To spend eight hours perched on various wooden long tail boats, interjected by a spell of cycling across an island, for a chance (with no guarantee) to see the critically endangered Irrawaddy dolphins is madness. A masochistic madness borne of a life-long fascination with cetaceans … and as Riff Raff so eloquently sang: “madness takes its toll”.
The Mekong river, having traversed the length of Laos on its journey from Tibet to the South China Sea, takes a breath at Si Phan Don before crashing down a series of waterfalls and entering Cambodia.
Si Phan Don, loosely translated as the four thousand islands, is located on the widest stretch of the Mekong’s journey seawards. The river appears languid and lazy curling around islets and islands; flowing gently but surely. Like the river, life on the islands is slow and sure; unhurried and contemplative.
Lacking Cambodia’s ruins and tumultuous history, Thailand’s culture and regional power and Vietnam’s long history and story of conflict, Laos seems like the ignored quiet child in the back row of the classroom by comparison.
Yet for all that is understated and little-known about Laos, scratch its surface and you’ll find a fascinating and laid-back nation worthy of far greater attention.
The late afternoon sunshine bathes the fifty-four gothic towers of the Bayon temple in a gentle warm light. The sun’s slow progressive setting casts deep shadows on the two hundred and sixteen large faces of Avalokitesharva, ” the Lord who looks down”, carved on each of the four facets of every tower.
Each face serene, peaceful and representing enlightenment is a replica of the other and is said to bear a resemblance to King Jayavarman VII who commissioned and built this, his official state temple, sometime in the late twelfth or early thirteenth century.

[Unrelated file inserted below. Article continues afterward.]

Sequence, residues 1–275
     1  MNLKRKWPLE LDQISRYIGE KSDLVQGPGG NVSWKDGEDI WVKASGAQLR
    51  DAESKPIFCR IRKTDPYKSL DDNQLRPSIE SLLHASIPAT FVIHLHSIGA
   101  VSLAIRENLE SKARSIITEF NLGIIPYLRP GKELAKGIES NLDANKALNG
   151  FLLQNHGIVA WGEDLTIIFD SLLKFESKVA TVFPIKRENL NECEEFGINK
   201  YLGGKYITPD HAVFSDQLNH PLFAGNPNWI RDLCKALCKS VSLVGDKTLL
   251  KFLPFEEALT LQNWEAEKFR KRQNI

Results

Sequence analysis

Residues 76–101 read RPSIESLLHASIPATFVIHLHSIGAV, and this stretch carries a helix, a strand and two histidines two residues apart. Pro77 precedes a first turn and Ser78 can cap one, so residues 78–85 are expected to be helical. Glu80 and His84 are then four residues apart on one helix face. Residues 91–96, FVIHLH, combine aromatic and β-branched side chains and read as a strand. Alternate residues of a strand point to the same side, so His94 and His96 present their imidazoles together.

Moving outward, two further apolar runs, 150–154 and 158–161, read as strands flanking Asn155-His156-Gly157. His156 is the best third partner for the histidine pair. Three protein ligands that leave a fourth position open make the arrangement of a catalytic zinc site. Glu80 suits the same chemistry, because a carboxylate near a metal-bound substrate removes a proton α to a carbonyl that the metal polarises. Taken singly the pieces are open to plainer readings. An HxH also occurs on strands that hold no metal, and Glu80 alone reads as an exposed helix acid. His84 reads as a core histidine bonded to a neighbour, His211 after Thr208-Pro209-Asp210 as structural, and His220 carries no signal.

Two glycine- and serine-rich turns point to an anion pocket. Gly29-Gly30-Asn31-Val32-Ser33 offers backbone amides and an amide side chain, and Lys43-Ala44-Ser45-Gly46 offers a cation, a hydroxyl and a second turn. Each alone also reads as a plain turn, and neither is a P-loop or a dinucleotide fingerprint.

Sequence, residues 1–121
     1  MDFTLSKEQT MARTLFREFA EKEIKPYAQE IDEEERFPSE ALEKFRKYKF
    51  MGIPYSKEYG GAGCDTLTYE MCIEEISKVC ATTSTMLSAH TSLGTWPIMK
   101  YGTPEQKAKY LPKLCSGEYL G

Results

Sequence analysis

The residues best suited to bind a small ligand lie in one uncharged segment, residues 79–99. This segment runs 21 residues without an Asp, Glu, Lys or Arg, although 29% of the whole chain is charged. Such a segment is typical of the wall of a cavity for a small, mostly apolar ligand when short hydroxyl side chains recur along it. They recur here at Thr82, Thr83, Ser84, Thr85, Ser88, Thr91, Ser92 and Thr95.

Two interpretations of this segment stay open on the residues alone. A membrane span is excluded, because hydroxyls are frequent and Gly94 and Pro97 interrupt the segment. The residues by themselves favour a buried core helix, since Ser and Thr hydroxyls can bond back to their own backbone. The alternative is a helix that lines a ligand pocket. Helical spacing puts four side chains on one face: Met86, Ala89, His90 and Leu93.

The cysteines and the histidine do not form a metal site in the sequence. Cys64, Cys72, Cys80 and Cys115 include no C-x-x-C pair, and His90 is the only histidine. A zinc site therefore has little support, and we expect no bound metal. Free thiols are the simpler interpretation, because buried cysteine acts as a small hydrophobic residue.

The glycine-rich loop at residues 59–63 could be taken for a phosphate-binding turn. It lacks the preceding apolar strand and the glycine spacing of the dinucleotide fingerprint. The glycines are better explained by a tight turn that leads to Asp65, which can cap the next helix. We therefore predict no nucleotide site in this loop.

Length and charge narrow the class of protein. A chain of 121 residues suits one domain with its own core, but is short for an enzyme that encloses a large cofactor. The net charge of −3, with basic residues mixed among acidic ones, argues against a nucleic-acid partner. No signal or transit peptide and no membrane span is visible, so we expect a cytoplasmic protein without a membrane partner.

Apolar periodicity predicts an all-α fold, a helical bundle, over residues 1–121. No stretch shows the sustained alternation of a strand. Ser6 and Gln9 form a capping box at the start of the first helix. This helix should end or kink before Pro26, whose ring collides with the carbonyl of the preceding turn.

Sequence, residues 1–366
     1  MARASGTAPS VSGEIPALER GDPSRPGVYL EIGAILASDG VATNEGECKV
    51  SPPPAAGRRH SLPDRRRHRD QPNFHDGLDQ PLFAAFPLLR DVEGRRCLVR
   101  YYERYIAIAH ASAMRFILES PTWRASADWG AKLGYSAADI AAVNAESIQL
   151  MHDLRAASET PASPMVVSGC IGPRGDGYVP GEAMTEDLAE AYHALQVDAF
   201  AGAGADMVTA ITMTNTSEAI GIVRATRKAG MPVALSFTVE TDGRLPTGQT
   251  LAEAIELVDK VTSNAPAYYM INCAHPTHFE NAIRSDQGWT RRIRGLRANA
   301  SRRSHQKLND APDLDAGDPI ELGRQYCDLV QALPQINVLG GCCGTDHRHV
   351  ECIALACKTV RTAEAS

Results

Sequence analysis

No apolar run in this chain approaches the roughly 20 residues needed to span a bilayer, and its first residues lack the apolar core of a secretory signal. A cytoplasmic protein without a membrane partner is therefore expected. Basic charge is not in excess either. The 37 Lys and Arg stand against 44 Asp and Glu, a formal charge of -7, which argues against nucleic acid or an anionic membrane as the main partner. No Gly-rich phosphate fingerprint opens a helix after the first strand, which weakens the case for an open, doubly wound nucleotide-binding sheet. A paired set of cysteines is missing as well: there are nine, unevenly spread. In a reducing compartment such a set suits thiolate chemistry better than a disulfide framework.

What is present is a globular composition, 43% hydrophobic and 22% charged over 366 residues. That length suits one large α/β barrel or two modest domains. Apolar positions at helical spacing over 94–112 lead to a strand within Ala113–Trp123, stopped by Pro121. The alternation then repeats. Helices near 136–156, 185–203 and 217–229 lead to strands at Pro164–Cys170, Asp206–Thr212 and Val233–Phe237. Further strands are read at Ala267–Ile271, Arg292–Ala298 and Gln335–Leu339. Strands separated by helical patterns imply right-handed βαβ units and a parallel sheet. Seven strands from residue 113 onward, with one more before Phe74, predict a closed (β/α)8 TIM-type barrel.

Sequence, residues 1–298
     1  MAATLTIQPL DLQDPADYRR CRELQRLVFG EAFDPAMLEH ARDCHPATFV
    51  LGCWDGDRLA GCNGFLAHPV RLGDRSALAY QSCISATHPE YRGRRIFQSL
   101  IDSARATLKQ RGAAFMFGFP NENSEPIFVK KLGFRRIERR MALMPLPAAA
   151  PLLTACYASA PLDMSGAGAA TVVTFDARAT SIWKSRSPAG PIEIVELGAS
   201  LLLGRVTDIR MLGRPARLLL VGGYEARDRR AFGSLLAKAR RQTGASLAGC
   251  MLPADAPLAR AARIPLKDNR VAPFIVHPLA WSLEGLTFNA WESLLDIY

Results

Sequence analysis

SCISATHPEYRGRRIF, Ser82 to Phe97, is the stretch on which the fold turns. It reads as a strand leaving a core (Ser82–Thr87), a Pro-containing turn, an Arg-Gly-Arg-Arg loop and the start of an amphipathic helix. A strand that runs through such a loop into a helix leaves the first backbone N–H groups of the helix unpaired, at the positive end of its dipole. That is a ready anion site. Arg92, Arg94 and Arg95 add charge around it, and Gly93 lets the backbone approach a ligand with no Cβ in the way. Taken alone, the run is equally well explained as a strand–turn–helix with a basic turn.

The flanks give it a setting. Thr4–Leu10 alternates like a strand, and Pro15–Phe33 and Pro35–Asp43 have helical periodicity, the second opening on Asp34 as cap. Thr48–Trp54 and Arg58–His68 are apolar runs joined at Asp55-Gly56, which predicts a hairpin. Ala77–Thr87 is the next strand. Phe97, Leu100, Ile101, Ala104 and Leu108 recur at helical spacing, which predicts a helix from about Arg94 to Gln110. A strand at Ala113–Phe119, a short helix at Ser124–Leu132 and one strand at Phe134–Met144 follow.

Faced with the prospect of enduring a five to seven hour ferry ride from Battambang to Siem Reap, squashed into a plastic chair big enough for an infant and squeezed between forty nine other tourists or perched in a lotus position on the ferry rooftop, I chose the latter.
The twenty-odd metre long ferry is at most three to four meters wide, contains a cubicle toilet and accommodates some fifty people. Designed to seat Asians significantly smaller than most westerners the ferry, when full, has a sardine-can feel to it. That many tourists consider it a romantic notion to travel to Siem Reap by boat means the ferry is both popular and over-worked.
It seemed like a good idea to travel to Battambang from Phnom Penh by local bus, after all, it was cheap ($7) and our bussing experiences in Vietnam had been positive. Little did we know.
Battambang, or Bah dembong, is the capital of Battambang province and is tucked away in the north west corner of Cambodia. It is, according to the guidebooks, well known as the leading rice-producing region of Cambodia.
On Sothearos Boulevard, near Sisowath Quay, is the Royal Palace and Silver Pagoda. Ornate, gilded and with classic Khmer roof structures (I’m told), it is a striking contrast to the stark, austere monuments to the Khmer Rouge atrocities and bears a resemblance to its counterpart in Bangkok.
No visit to Cambodia would be complete without a visit to, and appreciation of, the Killing Fields and Genocide Museum (aka S-21) in Phnom Penh. It may seem unnecessary to do so, maybe even morbid, but as I was to find out it really gave me an appreciation of, and empathy for, the people and their spirit here in Cambodia.
Once known as the Pearl of Asia, today’s Phnom Penh is vibrant. A city filled with young people embracing a modern lifestyle. They’re slick, chic and technologically up-to-date. Mobile phones are de riguer. They have smart buzz bikes and dress beautifully and trendily. Much new construction is afoot – new malls, high-rise apartment blocks … the Pearl of Asia resurrects.
There are two ferry options when leaving Chau Doc for Phnom Penh. There’s the “slow boat” which takes eight hours and the “fast boat” taking five. Of course, these time frames are approximations and either boat generally takes longer than the marketed time. We choose the “fast boat” in case the other ends up in China.